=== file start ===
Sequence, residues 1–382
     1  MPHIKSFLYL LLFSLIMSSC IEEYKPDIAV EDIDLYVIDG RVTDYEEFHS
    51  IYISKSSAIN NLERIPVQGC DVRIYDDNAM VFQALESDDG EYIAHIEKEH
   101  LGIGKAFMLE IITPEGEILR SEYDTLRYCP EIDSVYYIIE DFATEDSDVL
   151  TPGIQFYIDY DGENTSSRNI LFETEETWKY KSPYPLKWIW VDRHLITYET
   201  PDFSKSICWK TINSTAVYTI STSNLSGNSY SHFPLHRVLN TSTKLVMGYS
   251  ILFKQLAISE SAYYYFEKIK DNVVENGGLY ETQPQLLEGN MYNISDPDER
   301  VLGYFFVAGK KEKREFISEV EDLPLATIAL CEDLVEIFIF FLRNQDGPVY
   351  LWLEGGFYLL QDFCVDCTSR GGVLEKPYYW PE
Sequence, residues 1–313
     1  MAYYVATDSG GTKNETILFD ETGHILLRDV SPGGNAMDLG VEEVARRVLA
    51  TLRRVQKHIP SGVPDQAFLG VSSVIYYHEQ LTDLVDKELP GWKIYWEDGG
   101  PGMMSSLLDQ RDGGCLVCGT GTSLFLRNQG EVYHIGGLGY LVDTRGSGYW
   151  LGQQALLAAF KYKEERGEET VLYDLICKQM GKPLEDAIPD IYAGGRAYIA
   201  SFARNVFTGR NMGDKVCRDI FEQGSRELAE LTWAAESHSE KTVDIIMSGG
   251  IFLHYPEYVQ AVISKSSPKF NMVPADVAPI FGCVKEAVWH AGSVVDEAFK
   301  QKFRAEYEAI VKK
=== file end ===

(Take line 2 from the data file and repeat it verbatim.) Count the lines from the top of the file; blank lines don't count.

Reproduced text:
     1  MPHIKSFLYL LLFSLIMSSC IEEYKPDIAV EDIDLYVIDG RVTDYEEFHS